I fill a small metal cup with the lacquer and slightly thin it, filling up an artists brush till its full. We are not just painting to cover the chip but filling the void. So I give a slight push to the brush and draw it out slowly watching for the 'dome' to show on the filled hole. Lacquer can dry in as little as 10 minutes so there is a chance to do several chips in a single pass. One of the methods I use to level the new paint is to have those flat wooden swizzle strips that better coffee shops have on hand. I usually make about a dozen disappear on a visit. When I get home, I will sand the ends smooth and then super glue 320, 400, and 600 grit strips to the ends. This is what takes off the rounded dome of the chip. If the paint is not 'proud' you will have to do it again. Successive sanding is followed by using the nail buffers that your wife has. If you are certain of your masculinity, you can go to a beauticians supply and pick ups a small pile. The grit of these abrasives are not specified, but will be down to about 1000 grit if you chose right. One one side there is usually a 'buffing' or polishing side without abrasive. This is the final step. Buff out any of the course grit marks and then stand back and admire the work. You then may apply a thin coat of clear if you wish. I just finished a GRANDIS that looked like it was rolled down a cliff and is now almost show-room quality. You can't tell where the chips were from 3 inches."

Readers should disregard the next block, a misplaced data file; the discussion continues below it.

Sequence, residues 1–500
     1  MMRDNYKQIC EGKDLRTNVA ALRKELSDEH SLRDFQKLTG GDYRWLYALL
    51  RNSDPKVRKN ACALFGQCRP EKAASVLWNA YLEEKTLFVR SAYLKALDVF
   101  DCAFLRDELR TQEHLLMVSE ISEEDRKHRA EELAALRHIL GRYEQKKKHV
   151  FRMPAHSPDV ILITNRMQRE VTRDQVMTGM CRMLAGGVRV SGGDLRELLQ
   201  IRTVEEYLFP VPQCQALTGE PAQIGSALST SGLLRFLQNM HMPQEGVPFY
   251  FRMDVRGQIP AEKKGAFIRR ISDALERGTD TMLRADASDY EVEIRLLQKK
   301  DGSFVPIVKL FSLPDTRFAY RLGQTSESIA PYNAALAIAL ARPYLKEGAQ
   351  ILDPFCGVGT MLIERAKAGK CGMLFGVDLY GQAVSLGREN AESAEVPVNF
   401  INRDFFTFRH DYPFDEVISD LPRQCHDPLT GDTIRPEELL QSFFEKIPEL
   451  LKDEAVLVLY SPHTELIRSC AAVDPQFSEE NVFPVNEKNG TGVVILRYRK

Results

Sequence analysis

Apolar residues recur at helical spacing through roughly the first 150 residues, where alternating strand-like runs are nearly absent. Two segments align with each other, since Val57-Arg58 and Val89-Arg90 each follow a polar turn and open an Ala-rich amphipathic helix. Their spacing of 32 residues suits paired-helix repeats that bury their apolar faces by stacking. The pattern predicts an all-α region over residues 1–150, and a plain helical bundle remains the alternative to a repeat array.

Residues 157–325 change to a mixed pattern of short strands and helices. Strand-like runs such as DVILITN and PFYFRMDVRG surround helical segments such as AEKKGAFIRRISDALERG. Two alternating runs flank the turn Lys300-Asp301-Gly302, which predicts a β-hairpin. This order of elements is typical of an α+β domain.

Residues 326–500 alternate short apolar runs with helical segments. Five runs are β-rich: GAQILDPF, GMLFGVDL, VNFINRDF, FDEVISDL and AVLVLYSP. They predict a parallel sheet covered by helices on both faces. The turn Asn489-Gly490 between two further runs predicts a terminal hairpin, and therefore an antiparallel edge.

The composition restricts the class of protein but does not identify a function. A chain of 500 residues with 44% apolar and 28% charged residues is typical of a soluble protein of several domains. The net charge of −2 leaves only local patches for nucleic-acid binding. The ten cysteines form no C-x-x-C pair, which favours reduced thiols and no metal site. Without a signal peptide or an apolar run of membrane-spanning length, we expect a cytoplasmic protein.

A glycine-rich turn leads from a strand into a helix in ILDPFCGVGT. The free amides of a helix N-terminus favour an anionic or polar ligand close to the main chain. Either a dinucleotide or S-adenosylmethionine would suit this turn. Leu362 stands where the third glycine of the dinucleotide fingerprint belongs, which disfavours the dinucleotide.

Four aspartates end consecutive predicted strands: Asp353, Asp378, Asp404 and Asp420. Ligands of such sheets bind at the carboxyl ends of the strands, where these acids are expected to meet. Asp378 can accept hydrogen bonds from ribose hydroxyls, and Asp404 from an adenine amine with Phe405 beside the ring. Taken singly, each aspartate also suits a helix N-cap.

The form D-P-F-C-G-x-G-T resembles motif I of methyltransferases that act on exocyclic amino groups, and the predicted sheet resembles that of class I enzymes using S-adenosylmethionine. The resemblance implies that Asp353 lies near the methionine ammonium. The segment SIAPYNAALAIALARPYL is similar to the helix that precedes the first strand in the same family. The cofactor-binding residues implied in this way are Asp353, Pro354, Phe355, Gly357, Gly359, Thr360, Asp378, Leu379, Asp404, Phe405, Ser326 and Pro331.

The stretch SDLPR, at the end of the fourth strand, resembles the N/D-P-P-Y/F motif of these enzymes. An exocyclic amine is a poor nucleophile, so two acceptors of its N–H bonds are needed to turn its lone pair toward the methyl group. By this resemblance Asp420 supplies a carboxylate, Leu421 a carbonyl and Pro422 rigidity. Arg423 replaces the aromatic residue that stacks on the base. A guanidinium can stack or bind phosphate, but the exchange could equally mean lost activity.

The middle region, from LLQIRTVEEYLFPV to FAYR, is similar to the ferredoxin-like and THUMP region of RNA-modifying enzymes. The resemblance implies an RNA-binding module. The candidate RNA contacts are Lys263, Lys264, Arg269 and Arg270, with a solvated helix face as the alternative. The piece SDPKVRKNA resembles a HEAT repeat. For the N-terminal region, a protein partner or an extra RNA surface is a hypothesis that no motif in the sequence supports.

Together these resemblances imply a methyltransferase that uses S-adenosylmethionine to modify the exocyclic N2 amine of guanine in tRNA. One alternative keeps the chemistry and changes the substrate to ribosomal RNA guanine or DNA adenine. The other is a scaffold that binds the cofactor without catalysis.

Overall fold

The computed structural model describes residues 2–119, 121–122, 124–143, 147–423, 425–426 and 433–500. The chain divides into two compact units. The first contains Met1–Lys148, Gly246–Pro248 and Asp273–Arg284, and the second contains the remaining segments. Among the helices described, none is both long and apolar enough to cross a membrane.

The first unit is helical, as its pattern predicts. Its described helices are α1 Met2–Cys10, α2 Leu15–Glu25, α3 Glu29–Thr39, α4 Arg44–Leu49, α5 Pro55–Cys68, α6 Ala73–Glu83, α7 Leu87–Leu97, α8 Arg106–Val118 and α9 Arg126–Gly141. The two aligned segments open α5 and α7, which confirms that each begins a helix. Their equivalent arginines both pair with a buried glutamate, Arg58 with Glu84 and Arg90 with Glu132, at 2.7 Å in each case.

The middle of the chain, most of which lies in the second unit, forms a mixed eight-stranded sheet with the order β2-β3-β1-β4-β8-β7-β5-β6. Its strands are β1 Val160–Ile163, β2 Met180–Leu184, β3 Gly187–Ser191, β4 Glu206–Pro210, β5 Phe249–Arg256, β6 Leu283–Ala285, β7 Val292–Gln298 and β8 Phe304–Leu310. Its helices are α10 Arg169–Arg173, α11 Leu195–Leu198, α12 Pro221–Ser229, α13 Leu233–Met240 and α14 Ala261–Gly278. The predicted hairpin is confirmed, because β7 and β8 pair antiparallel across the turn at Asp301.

Last edited by pharding on Sun Sep 20, 2009 11:05 pm, edited 1 time in total.

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 Post subject: Nice
PostPosted: Mon Feb 23, 2009 7:18 pm 
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Cool saddle! ;)

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 Post subject:
PostPosted: Wed Feb 25, 2009 12:09 pm 
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Is it possible to sand off only a small area of paint (say you only wanted to get rid of the xxx in the stem above but leave the rest of the decals) rather than the whole clearcoat and then redo the clearcoat on that spot and have it match up with the original coating?


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 Post subject: